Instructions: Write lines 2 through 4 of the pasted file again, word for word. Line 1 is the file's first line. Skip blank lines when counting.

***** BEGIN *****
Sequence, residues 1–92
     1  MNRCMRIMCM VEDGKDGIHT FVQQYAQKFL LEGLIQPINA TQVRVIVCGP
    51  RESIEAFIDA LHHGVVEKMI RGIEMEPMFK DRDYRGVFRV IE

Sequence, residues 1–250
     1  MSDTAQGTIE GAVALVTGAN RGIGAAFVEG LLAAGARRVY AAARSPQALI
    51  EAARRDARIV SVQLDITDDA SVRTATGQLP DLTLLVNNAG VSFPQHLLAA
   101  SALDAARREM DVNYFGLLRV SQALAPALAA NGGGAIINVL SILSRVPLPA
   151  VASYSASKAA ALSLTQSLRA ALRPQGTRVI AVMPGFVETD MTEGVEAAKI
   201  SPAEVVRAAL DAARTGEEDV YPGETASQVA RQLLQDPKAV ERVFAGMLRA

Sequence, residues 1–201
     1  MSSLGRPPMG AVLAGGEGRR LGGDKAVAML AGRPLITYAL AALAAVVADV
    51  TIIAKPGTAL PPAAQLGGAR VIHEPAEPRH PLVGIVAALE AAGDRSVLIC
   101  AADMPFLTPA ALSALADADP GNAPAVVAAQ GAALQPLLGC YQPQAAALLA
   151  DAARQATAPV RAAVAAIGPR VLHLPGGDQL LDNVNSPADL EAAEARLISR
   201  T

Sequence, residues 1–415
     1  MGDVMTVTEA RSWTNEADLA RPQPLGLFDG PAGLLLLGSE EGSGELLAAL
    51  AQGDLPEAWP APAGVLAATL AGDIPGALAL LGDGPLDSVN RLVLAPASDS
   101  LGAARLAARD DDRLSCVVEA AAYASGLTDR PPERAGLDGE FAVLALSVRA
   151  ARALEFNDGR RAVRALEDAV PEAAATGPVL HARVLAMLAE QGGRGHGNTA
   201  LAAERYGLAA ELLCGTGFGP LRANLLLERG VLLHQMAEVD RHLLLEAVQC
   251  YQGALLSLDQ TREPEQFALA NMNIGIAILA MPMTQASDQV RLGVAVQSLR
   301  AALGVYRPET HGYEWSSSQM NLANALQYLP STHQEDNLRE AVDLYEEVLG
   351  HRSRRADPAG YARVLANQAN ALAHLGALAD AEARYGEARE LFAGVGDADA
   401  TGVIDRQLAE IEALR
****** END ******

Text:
     1  MNRCMRIMCM VEDGKDGIHT FVQQYAQKFL LEGLIQPINA TQVRVIVCGP
    51  RESIEAFIDA LHHGVVEKMI RGIEMEPMFK DRDYRGVFRV IE

Sequence, residues 1–250